The PRV Report Card: This Week’s Winners & Losers

 The PRV Report Card: This Weeks Winners & LosersPR WINNER OF THE WEEK: “A” (PR PERFECT) to Kevin Durant of the Oklahoma City Thunder. After weeks of bad press for the National Basketball Association, attention was gratefully turned to Durant’s MVP speech, which alone could have won him an award. Durant gave emotional thanks to his mother, Wanda Pratt, who raised two boys on her own and sometimes went without even food so that her sons wouldn’t feel the pain of want. Durant credits his mother’s determination for his championship-winning skills on the court and called her “the real MVP.” A happy Mother’s Day for Pratt, and some relief for the beleaguered NBA.

 The PRV Report Card: This Weeks Winners & LosersPR LOSER OF THE WEEK: “F” (FULL FIASCO) to the Nigerian government, whose weak response to the abduction of more than 200 schoolgirls has brought international condemnation on the African nation as it prepared to host the World Economic Forum on Africa. The girls were kidnapped on April 15 by the al Qaeda-linked terrorist group Boko Haram, whose leader has said he plans to sell them into slavery. Finally bowing to pressure, the Nigerian government this week offered a $300,000 reward for information leading to the girls’ whereabouts. Meanwhile, Boko Haram raged into another village and scooped up eight more girls. As the Voice of America noted, “[Nigeria] is the biggest economy in Africa, but authorities cannot even keep children safe in their schools.”

treygowdy The PRV Report Card: This Weeks Winners & LosersTHE PRV “THERE’S NO ‘THERE’ THERE” AWARD TO Republican Congressional officeseekers, who chose to ignore recommendations from one of their own to stop fundraising off the 2012 attacks on the US consulate in Benghazi, Libya. US Rep. Trey Gowdy (R-SC) who is heading a new (and quite partisan) House Select Committee that will review the matter yet again, urged his colleagues last week not to undermine the committee’s work with partisan appeals for funds that hype the issue. Minutes before, the National Republican Congressional Committee sent out a fundraising email doing just that.  “Help fight liberals by donating today,” it asked, and other appeals followed. So much for the Committee’s integrity.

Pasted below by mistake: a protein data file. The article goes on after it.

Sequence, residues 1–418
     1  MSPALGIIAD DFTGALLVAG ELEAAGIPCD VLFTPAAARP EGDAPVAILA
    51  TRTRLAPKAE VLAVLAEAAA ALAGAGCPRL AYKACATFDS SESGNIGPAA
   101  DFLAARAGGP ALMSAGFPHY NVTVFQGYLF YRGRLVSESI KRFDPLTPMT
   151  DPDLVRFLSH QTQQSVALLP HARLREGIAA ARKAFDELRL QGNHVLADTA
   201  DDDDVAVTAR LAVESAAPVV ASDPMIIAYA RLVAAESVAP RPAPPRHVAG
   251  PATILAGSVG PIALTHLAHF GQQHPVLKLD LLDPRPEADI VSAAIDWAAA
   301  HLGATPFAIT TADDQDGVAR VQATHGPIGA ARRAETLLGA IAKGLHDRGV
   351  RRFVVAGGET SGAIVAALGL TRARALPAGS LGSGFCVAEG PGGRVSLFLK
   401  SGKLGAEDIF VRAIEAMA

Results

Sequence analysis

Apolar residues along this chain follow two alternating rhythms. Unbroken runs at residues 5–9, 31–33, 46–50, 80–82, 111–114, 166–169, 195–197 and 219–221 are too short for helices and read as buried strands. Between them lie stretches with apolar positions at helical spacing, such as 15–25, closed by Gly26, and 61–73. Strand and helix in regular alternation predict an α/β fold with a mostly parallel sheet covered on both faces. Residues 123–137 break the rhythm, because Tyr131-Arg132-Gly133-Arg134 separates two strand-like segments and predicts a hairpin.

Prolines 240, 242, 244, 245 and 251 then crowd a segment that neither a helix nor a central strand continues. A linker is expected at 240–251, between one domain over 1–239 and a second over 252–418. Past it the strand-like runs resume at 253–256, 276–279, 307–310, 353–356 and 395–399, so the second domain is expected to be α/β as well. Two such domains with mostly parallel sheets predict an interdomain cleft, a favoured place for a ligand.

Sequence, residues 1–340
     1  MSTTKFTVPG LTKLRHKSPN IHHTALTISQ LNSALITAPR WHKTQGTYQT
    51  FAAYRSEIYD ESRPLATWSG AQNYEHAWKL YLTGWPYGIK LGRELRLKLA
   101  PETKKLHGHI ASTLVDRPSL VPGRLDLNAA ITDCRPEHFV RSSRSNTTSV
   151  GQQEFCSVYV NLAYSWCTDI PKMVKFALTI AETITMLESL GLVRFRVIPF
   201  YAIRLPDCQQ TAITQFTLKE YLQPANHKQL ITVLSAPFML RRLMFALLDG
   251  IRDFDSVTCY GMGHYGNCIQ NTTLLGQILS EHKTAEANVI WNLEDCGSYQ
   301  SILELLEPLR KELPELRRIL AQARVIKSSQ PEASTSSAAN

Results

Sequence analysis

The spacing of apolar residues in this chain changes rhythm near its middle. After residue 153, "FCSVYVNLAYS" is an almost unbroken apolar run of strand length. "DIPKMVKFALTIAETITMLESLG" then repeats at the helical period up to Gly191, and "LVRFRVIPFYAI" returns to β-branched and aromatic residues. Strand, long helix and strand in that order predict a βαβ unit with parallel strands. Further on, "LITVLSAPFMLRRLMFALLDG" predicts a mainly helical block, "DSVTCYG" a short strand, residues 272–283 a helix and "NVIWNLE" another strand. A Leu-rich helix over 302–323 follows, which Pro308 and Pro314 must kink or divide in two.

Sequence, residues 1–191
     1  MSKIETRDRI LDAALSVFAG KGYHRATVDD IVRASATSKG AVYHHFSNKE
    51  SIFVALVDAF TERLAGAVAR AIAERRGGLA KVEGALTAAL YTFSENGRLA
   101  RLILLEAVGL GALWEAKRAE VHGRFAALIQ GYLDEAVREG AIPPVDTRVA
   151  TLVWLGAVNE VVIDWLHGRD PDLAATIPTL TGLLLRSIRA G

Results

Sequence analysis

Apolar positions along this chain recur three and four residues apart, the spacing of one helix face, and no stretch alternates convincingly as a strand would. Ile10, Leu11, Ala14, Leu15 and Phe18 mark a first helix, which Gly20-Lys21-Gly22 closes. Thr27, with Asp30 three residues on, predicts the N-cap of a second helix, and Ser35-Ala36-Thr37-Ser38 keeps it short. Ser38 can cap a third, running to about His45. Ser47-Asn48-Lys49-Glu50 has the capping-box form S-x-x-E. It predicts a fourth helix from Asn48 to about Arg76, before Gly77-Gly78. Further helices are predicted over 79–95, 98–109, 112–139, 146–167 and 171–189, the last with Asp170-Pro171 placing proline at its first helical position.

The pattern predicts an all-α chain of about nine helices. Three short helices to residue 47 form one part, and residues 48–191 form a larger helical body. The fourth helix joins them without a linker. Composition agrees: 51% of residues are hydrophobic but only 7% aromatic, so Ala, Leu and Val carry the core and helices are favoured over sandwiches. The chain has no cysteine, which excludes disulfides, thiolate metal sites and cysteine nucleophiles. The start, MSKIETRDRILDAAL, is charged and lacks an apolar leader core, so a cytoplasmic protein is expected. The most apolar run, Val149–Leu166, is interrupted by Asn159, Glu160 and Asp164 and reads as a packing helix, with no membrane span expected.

Saying Almost Nothing Can Be Everything

3c0bfc70047cd9211fdfddb22528f6d3 300x2251 150x150 Saying Almost Nothing Can Be Everything

PR VERDICT: “B” (Good Show) for Terri Lynn Land.

Turning the tables on one’s opponent can also work in PR. That’s what Republican US Senate hopeful Terri Lynn Land of Michigan has done with her first campaign ad, a 30-second spot entitled “Really? that  pokes fun at her rival, Democratic Rep. Gary Peters.

Peters asserts that Land, a former secretary of state in Michigan, is part of a “war on women.” It’s an accusation in the vein of that old leading question “Have you stopped beating your wife?” Say “yes” and you cop to the transgression, but saying “no” implies it’s still going on — and trying to explain yourself just keeps the issue alive. In her ad, Land appears on screen and says Peters “want[s] you to believe I’m waging a war on women. Really? Think about that for a moment.” As campy music starts up, Land sips her coffee, shakes her head and checks her watch before the ad concludes with an overtone of her saying “I’m Terri Lynn Land and I approve this message because, as a woman, I might know a little more about women than Gary Peters.”

Simple and amusing, the ad hit its mark. “It seems to work,” The Daily Caller says. “It’s tough, but also fun.” The clever commercial also caught the attention of the big media guns like Time magazine, The Washington Post and National Public Radio. Talk about bang for your ad-buying buck.